Set during the Korean War, a Navy fighter pilot must come to terms with with his own ambivalence towards the war and the fear of having to bomb a set of highly defended bridges. The ending ... See full summary »
C.K. Dexter-Haven, a successful popular jazz musician, lives in a mansion near his ex-wife's Tracy Lord's family estate. She is on the verge of marrying a man blander and safer than Dex, ... See full summary »
A priest (William Holden) arrives at a mission-post in China accompanied by a young native girl who has joined him along the way. His job is to relieve the existing priest (Clifton Webb), ... See full summary »
A ruthless Union captain is renowned throughout his prison fort as the toughest soldier in the business, capable of capturing every escaped convict under his supervision. However, when he ... See full summary »
Robert Lomax tired of working in an office, wants to be an artist. So he moves to Hong Kong to try his hand at painting. Finding a cheap hotel he checks in, only to find it's used by ... See full summary »
Set during the Korean War, a Navy fighter pilot must come to terms with with his own ambivalence towards the war and the fear of having to bomb a set of highly defended bridges. The ending of this grim war drama is all tension. Written by
KC Hunt <firstname.lastname@example.org>
The Japanese resort hotel that appears in the film is modeled on the Fujiya Hotel, located in the village of Miyanoshita near Mount Fuji. This famous hotel was actually commissioned by the U.S. Army as a "rest and relaxation" hotel for American soldiers for several years after World War II, and possibly up to the Korean War. The exterior shots of the hotel are real, but the lobby scenes appear to be studio replicas of the original lobby. See more »
In one of the scenes showing March and Holden talking in the Admiral's quarters, the camera frames a little too high and some sort of equipment is seen bobbing up and down above the top of the set. See more »
Lt. Harry Brubaker:
Did you ever hear Admiral Tarrant go on about the war? About the chosen few who have to lay it on the line?
Naw, Me and Nester don't do too much fraternizing with Admirals.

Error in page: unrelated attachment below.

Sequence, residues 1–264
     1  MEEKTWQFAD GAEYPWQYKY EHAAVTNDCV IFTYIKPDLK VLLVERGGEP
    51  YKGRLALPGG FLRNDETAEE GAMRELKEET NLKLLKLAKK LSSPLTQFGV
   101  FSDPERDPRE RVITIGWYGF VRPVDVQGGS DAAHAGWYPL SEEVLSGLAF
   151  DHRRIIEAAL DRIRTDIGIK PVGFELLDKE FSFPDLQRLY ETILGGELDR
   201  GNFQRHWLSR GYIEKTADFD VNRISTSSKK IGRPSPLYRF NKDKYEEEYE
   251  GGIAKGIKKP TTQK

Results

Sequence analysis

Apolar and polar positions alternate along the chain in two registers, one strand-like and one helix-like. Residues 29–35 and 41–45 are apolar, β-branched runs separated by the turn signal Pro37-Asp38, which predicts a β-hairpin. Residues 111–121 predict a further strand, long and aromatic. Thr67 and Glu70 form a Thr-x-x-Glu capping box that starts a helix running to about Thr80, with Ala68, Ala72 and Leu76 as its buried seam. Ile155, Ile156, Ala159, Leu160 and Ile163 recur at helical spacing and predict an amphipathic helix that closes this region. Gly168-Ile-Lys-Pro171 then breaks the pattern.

See more »
Opening credits prologue: With Task Force 77 U.S. Navy Off the coast of Korea November, 1952 See more »
I was a sailor assigned to the Oriskany and observed the filming; and I met Mickey Rooney and Earl Holliman. Those are some fine men; and they entered our shipboard environment seamlessly. During the filming, on his off time, Mickey Rooney performed for the crew with his own one-man show in one of the hanger bays. He played drums like one would never expect him to. He was a good musician, and great fun to be around. I would sure like to thank Rooney and Holliman for making our lives pleasant in such a distant and lonely place.
Once I was walking down a passageway and saw a very small pilot in a flight suit. I didn't think that one would find pilots that short because of the Navy's requirements for aviators. Then, I saw his face, and it was Mickey Rooney. Rooney and the film crew stayed on board for Thanksgiving, and that has to be the most memorable Thanksgiving I ever had.
To me, that film is a time capsule, and every time I see it, it brings back fond memories of life on the Oriskany. The Oriskany was the last Essex class aircraft carrier built, and it was about three years old when I was on it. Sadly, it's been scuttled, and turned into fish habitat.
Anyway, like I said, Holliman and Rooney are excellent people; I never met Holden, but he was there too.
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